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Limitations of selective deltamethrin application for triatomine control in central coastal Ecuador

Mario J Grijalva12*, Anita G Villacís2, Sofía Ocaña-Mayorga2, César A Yumiseva2 and Esteban G Baus2

Author Affiliations

1 Tropical Disease Institute, Biomedical Sciences Department, College of Osteopathic Medicine, Ohio University. Athens, Ohio, USA

2 Center for Infectious Disease Research, School of Biological Sciences, Catholic University of Ecuador, Quito, Ecuador

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Parasites & Vectors 2011, 4:20  doi:10.1186/1756-3305-4-20

The electronic version of this article is the complete one and can be found online at: http://www.parasitesandvectors.com/content/4/1/20


Received:19 January 2011
Accepted:18 February 2011
Published:18 February 2011

© 2011 Grijalva et al; licensee BioMed Central Ltd.

This is an Open Access article distributed under the terms of the Creative Commons Attribution License (http://creativecommons.org/licenses/by/2.0), which permits unrestricted use, distribution, and reproduction in any medium, provided the original work is properly cited.

Abstract

Background

This year-long study evaluated the effectiveness of a strategy involving selective deltamethrin spraying and community education for control of Chagas disease vectors in domestic units located in rural communities of coastal Ecuador.

Results

Surveys for triatomines revealed peridomestic infestation with Rhodnius ecuadoriensis and Panstrongylus howardi, with infestation indices remaining high during the study (13%, 17%, and 10%, at initial, 6-month, and 12-month visits, respectively), which indicates a limitation of this strategy for triatomine population control. Infestation was found 6 and 12 months after spraying with deltamethrin. In addition, a large number of previously vector-free domestic units also were found infested at the 6- and 12-month surveys, which indicates new infestations by sylvatic triatomines. The predominance of young nymphs and adults suggests new infestation events, likely from sylvatic foci. In addition, infection with Trypanosoma cruzi was found in 65%, 21% and 29% at initial, 6-month and 12-month visits, respectively. All parasites isolated (n = 20) were identified as TcI.

Conclusion

New vector control strategies need to be devised and evaluated for reduction of T. cruzi transmission in this region.

Background

Chagas disease in Ecuador affects approximately 230,000 people, and 6.2 million people are at risk of infection by Trypanosoma cruzi, its causative agent [1]. In the absence of satisfactory therapy or vaccines against Chagas disease, control of the disease relies primarily on interrupting transmission by eliminating domestic populations of triatomines. Triatomines Rhodnius ecuadoriensis and Panstrongylus howardi are important vectors of Chagas disease in the Manabí province, located on the central coast of Ecuador, and there is evidence of host (vectors and reservoirs) infected with T. cruzi, circulating in the area [2-6].

R. ecuadoriensis is widely distributed in Ecuador's central and southern coast [7], its southern Andean region, and in northern Perú [3]. In the coastal region, R. ecuadoriensis is usually found in association with Phytelephas aequatorialis, an endemic palm species, [5,8] and in nests of squirrel (Sciurus stramineus) and bird (Campylorhynchus fasciatus) [6]. In this region, there are frequent invasions and colonization by this species in the domestic and peridomestic habitats. However, R. ecuadoriensis also is frequently found in domestic and peridomestic habitats in El Oro province, where palm trees are less abundant, and in Loja province and northern Perú, where palm trees are completely absent [2,9,10]. Recent morphological studies have found no differences between sylvatic and domestic/peridomestic populations of R. ecuadoriensis in the central coastal region [11], which suggests a constant flow of individuals between these habitats.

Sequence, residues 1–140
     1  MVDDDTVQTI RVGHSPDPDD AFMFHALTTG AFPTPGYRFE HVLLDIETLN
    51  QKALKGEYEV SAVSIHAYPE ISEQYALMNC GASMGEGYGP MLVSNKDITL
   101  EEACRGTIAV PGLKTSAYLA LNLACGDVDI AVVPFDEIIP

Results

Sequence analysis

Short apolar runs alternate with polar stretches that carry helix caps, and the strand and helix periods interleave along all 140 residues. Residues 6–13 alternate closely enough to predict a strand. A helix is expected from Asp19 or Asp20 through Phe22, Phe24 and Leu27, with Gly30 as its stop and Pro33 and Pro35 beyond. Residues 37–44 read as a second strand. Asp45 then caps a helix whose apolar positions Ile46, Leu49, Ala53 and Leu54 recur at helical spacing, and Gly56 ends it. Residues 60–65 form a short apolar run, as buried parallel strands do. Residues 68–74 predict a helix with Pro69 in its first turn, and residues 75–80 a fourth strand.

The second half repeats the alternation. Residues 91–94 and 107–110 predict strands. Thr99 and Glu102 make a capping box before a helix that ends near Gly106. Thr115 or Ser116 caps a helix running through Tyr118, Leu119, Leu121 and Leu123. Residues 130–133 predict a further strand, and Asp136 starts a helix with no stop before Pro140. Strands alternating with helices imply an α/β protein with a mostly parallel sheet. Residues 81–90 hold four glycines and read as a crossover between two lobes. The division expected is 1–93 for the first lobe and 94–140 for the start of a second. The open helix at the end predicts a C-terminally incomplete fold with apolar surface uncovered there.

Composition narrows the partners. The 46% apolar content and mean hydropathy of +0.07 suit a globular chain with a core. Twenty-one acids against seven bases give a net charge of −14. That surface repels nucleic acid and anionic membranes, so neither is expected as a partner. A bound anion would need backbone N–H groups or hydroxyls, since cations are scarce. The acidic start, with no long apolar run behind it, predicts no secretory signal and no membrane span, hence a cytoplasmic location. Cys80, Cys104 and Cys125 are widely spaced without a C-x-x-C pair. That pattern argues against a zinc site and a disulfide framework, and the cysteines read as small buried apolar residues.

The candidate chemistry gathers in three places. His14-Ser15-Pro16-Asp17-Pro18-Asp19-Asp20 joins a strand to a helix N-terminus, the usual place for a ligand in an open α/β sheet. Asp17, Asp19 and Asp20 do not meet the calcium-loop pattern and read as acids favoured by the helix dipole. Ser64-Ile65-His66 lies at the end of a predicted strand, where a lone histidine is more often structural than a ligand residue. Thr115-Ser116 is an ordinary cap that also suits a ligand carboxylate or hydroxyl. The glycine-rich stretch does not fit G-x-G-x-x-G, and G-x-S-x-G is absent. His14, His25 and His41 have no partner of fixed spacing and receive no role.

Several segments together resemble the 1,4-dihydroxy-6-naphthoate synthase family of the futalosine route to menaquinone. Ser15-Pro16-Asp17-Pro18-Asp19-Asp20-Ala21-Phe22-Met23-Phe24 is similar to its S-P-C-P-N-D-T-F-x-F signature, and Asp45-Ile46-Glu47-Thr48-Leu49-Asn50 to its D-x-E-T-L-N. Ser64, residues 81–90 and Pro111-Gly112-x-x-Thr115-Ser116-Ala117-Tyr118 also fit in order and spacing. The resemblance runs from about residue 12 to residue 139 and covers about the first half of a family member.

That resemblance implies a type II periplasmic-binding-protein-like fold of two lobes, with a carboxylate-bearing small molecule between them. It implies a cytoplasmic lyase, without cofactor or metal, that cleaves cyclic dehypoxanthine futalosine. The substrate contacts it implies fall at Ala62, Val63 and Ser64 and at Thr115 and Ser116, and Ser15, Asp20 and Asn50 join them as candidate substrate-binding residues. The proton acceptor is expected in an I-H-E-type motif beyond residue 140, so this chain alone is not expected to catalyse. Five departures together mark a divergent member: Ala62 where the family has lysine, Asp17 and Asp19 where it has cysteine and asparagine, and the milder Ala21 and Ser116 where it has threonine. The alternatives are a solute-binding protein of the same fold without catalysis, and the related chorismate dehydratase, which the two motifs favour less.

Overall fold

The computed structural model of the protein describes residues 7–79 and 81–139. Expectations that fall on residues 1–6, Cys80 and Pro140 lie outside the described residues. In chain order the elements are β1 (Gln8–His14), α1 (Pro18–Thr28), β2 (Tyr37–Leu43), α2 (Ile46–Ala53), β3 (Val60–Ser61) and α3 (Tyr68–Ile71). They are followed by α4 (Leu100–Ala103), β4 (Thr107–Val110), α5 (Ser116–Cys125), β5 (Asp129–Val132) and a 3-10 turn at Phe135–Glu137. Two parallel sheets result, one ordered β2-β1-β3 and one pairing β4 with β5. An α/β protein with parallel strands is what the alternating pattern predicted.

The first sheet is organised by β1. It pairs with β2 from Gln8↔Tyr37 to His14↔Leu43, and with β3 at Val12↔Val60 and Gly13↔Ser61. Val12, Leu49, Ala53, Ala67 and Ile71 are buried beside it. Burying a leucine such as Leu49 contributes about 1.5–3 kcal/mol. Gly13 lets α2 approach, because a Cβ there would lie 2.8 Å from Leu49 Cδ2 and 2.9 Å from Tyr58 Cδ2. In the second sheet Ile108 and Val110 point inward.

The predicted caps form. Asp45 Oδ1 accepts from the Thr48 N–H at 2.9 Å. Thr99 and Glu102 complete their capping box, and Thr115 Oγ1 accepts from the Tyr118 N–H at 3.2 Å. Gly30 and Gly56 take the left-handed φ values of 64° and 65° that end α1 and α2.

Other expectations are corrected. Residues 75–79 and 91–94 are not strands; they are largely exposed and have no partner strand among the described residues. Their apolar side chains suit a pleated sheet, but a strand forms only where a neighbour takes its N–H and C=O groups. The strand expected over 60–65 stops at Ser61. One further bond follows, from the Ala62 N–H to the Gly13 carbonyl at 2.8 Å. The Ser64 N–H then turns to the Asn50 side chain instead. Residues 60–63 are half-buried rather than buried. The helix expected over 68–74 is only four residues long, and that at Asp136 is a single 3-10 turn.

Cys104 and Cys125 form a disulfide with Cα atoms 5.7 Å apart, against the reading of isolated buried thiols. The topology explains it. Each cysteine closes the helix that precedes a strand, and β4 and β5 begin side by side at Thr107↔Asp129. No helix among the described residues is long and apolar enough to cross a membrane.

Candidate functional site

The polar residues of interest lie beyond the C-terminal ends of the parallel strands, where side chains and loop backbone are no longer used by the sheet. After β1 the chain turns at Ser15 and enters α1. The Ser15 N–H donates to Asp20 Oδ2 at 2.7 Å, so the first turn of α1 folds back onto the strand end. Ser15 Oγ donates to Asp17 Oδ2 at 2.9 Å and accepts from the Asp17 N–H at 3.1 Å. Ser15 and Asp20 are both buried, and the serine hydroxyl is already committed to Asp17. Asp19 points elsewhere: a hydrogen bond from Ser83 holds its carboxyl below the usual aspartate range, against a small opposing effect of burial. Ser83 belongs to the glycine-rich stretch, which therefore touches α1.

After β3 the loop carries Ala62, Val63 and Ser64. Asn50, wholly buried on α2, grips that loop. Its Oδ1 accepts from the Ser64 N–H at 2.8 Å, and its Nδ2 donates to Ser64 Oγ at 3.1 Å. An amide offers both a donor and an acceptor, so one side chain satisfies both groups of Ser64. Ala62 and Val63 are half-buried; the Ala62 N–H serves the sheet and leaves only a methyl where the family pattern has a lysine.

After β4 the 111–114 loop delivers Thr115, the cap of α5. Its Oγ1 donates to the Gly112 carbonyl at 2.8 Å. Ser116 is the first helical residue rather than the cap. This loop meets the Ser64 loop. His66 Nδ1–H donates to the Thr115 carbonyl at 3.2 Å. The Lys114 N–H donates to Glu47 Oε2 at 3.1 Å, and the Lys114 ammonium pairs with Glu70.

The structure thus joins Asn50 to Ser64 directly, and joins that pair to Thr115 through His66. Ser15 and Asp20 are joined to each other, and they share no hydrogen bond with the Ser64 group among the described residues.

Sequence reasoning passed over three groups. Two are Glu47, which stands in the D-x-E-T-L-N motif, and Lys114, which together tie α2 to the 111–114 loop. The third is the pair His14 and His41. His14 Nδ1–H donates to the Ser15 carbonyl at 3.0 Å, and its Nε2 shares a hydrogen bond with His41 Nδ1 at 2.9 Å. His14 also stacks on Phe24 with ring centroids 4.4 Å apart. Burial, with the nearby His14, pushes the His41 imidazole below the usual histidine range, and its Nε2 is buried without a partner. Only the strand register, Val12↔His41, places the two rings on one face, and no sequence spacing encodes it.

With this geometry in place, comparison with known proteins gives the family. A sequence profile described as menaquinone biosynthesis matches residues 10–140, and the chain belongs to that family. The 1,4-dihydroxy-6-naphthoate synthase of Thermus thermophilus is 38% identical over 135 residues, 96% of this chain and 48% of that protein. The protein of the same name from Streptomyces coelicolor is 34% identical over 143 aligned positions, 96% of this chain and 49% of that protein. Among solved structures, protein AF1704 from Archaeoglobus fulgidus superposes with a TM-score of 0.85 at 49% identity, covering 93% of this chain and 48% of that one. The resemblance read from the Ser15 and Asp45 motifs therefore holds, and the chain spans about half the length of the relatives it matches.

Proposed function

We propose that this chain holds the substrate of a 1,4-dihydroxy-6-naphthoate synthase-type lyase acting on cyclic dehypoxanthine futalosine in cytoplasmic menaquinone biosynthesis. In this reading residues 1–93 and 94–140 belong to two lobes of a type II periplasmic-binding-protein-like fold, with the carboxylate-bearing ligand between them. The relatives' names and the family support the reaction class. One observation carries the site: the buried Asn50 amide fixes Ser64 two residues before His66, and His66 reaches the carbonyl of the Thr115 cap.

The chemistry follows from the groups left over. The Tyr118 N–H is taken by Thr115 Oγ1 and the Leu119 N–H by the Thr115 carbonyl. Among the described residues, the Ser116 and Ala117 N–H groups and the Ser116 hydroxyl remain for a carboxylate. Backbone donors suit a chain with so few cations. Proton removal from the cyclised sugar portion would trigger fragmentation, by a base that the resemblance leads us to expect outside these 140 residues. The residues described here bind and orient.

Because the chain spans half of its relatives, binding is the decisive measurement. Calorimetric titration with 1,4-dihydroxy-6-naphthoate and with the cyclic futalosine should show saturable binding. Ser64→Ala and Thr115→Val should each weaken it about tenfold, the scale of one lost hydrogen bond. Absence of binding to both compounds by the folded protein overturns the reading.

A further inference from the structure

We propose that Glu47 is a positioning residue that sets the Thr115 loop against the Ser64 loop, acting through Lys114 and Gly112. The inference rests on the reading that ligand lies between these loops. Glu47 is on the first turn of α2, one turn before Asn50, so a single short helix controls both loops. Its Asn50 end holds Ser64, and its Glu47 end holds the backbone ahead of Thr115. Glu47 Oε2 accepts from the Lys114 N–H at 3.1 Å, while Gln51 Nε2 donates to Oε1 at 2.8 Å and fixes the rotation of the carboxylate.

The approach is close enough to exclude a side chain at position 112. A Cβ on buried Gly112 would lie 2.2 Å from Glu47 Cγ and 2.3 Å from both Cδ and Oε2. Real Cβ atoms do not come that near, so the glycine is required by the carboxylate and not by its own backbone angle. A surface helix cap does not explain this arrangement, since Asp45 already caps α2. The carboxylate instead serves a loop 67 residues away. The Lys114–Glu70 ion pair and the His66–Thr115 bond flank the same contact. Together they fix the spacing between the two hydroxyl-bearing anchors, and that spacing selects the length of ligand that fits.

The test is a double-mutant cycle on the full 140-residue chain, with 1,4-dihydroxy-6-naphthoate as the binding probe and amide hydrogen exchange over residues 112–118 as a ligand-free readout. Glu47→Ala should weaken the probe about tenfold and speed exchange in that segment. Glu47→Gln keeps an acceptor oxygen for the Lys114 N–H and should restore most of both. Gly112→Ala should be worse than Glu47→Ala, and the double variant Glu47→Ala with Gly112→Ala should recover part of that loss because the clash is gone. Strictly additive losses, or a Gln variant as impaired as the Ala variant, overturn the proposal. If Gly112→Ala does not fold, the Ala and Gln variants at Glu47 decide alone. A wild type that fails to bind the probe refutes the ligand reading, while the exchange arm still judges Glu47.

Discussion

P. howardi is considered an endemic species of Ecuador, although its distribution seems to be limited to the coastal region [2,12]. The high adaptability of P. howardi to different microhabitats within the peridomicile, frequent reports of intradomiciliary invasion and high infection with T. cruzi indicate that this species is an important secondary vector [6].

Elements used in housing construction in the Manabí province can influence the likelihood of triatomine infestation. For example, sometimes, roofs are constructed with leaves of P. aequatorialis, a common environment for triatomines to colonize. However, in recent years, the use of zinc plates as roofing material has become common [13]. This material does not provide an environment in which triatomines can become established. Also, houses are elevated by wooden stilts, and walls and floors are made of guadúa cane (Guadua angustifolia). Although bare cane features large gaps that allow passage by insects and does not offer hiding places for the bugs, when cane is covered with paper or other materials, it may become a suitable hiding place for triatomines.

The peridomestic area in the Manabí province also offers triatomines plenty of potential microhabitats and opportunities for colonization by synanthropic animals. For example, the peridomicile is characterized by an abundance of P. aequatorialis, which is cultivated for its nuts used in the manufacture of handcrafts and buttons that constitute an important source of income for the rural population. Other palms, such as coconut and African palms (Elaeis guineensis) are also commonly found near houses [14]. In addition, chicken coops, guinea pig pens, agricultural and household waste, the thorny "piñuela" plant Aechmea magdalenae and other plants used as natural fences, piles of construction materials, and accumulations of palm fronds provide good refuges for triatomines. Finally, the definition of peridomestic habitat becomes blurred because of the frequent close proximity of brush and jungle to the house.